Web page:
By Bridget Rathsack, Program Manager and Eric Zweber, Sr. Project Manager, WSB
Communities across the country see big opportunities around the $1.2 trillion federal infrastructure bill. With this funding, there is a real opportunity for communities to invest in projects for low-income and traditionally underserved communities and advance sizable projects that create a better community for all. Including equity capacity building in infrastructure project planning will not only enhance local communities and benefit residents, but it can also give projects a competitive edge in securing dollars as communities compete for funding.
Here are some ways that communities should be thinking about building equity into their projects.
Understand the Needs of the Community & Those You are Working to Serve
As leaders look at the needs in their communities, it is critical that investments are made in a way that is not only smart and helps add value to communities, but that also shows they are listening to the voices of residents who are impacted by these projects and including them in the decision-making process.
When community leaders work with stakeholders to build consensus, it ensures they are building projects that improve equitable outcomes and make them more competitive for grants and funding to advance the projects. Tribal communities, for example, have been disproportionately impacted by natural resource extraction and land development. Low income and BIPOC (black, indigenous, and people of color) communities often lack adequate investments in everything from transportation infrastructure to community development. Building relationships and trust with impacted communities is central to this work and can help advance the goals of all stakeholders involved when done in a meaningful fashion.
Bringing an Equity Lens to Different Types of Projects
Equity capacity building can be brought into many kinds of projects and there are three big categories to consider when thinking about advancing equity:
- Improving access and accessibility to infrastructure for people of all abilities; including public transit, transportation access, and modifying infrastructure to meet current standards and management best practices.
- Investing in projects where there is a high percentage of BIPOC or low-income population.
- Advancing priorities for indigenous communities that elevate equity, sustainability, and self-sufficiency.
Whatever type of project you are working on, understanding how it advances equity and how to communicate that can help secure funding and move it forward.
Comprehensive Plans & Big Picture Thinking
A community comprehensive plan brings together leaders and stakeholders to look forward at population growth and development opportunities to create a vision for the future. Plans need to be forward-looking, while also flexible enough to meet changing demands as communities grow and change. Equity and sustainability are important elements to consider and weave into community planning.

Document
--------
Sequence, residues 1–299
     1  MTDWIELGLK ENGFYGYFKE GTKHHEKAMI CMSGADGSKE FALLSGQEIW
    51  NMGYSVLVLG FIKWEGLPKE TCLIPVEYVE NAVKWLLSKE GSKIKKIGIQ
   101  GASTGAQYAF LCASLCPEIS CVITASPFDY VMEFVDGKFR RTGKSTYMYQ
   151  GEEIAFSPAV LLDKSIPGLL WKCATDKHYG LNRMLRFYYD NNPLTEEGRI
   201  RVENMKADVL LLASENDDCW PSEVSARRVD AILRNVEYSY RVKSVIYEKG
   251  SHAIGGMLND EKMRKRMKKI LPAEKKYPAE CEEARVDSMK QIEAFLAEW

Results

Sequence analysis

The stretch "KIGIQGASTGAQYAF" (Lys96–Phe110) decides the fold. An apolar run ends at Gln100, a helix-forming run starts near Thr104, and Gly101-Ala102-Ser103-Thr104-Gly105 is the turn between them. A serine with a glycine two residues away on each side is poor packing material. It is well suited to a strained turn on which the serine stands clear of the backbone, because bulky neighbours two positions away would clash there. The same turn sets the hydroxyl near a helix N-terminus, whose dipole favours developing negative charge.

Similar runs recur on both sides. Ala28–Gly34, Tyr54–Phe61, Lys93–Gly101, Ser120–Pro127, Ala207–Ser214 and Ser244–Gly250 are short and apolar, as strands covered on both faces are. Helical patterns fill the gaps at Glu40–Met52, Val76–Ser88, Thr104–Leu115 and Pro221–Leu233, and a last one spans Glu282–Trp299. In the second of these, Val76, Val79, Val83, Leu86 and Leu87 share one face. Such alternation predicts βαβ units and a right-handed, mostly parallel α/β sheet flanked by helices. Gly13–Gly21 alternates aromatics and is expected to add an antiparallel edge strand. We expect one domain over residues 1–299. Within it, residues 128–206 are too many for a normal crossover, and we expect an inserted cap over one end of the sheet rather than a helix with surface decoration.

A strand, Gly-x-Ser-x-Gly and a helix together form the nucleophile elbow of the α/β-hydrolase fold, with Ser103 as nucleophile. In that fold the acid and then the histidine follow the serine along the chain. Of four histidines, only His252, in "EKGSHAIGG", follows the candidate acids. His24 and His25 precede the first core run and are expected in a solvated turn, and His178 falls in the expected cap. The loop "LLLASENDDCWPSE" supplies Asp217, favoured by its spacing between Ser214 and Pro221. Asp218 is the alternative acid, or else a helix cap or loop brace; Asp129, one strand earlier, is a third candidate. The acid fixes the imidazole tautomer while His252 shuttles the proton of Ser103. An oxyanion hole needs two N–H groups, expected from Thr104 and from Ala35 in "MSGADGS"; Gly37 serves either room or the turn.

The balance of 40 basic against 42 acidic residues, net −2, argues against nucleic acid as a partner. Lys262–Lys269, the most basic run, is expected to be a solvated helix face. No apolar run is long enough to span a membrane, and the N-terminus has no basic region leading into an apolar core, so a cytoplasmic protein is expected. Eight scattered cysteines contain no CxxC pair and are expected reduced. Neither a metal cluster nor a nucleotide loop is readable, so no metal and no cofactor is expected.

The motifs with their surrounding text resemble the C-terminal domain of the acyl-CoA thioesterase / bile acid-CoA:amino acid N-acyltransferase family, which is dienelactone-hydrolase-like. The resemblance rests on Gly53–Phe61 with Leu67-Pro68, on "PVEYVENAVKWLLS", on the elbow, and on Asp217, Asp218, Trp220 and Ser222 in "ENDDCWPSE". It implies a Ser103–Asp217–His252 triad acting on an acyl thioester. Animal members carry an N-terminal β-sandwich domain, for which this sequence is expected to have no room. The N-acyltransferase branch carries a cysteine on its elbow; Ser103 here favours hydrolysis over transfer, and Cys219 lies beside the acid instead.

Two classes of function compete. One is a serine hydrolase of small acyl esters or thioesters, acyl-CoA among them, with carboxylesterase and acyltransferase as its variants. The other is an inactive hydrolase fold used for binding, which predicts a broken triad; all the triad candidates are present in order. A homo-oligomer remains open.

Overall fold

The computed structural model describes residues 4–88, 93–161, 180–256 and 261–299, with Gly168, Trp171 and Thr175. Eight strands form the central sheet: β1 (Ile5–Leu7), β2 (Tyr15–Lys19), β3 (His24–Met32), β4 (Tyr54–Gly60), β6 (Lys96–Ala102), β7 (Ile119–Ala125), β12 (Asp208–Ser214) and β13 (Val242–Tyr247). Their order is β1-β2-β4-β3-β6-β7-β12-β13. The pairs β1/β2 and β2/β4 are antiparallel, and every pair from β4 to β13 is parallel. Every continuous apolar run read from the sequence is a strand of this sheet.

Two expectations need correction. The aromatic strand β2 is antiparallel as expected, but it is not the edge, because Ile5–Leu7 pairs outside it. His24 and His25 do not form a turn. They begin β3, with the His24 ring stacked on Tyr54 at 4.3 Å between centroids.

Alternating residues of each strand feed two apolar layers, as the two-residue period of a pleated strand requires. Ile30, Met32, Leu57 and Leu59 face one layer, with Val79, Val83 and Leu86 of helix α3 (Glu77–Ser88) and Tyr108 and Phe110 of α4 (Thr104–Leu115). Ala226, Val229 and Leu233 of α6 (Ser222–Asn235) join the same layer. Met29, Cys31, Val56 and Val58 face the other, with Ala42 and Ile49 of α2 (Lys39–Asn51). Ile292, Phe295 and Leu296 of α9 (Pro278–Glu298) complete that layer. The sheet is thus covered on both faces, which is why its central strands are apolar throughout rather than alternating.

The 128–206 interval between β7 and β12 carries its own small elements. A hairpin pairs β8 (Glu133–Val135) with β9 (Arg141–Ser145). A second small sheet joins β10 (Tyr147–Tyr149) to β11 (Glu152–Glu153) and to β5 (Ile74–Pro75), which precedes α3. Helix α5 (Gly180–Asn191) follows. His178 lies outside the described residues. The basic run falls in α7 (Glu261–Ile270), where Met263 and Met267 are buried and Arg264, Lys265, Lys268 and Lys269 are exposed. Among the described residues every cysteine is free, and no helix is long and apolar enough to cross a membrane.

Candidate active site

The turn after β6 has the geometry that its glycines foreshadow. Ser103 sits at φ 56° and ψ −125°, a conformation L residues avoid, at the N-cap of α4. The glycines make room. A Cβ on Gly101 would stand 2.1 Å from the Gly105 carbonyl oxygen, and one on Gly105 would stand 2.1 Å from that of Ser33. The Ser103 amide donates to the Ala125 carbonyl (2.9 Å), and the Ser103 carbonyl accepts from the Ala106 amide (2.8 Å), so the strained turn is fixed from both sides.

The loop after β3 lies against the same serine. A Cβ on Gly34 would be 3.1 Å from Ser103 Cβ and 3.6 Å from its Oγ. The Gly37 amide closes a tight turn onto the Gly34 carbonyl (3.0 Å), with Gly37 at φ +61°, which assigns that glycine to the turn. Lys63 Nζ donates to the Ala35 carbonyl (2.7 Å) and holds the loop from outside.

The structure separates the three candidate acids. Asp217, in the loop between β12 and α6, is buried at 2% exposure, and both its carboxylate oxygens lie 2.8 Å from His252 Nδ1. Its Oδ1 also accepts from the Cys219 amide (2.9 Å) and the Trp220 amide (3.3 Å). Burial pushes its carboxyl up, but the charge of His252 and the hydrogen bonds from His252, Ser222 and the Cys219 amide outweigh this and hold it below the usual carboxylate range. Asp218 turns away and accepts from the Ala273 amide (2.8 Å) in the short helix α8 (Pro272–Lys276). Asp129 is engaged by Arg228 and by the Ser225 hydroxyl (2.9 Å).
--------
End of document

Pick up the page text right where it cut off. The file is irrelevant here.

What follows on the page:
What’s more, community plans often include big projects and changes that can drive meaningful community progress. However, sometimes resources are limited or other projects take precedence. With the massive investment in infrastructure from the federal government, this is a chance for communities to look at their comprehensive plan and move the big picture projects with long-term benefits forward.
This is a unique opportunity to go after projects that build equity and will positively impact communities and citizens for decades to come.
How WSB Can Help
Whether it’s reviewing and updating community comprehensive plans, using community engagement, designing, writing grant applications, or seeking out partners to support your project, WSB has a team of experts who can help your community navigate and execute on projects that improve your community and build equity capacity.
The infrastructure bill is a once in a generation funding opportunity, and a chance for local leaders to fund big, bold projects that will benefit communities for generations to come.
Bridget serves as the Sustainability Program Manager at WSB, helping propel sustainability projects and opportunities forward for our clients to reduce costs while meeting their community and stakeholder needs. She has led the Sustainability Growth Coalition at Environmental Initiative and served as chair of the St. Louis Park, MN Environment and Sustainability Commission, moving forward progress on climate and energy, while engaging community members and business leaders.
email@example.com | 920.202.0234
Eric has over 20 years experience with community planning, renewable energy, and sustainability projects. He has worked cooperatively with a number renewable energies developers to develop both solar and wind resources and is a past board member of the Minnesota Solar Energy Industrial Association (MnSEIA). He has a passion for sustainable and resilient practices to address the needs of communities and larger public.
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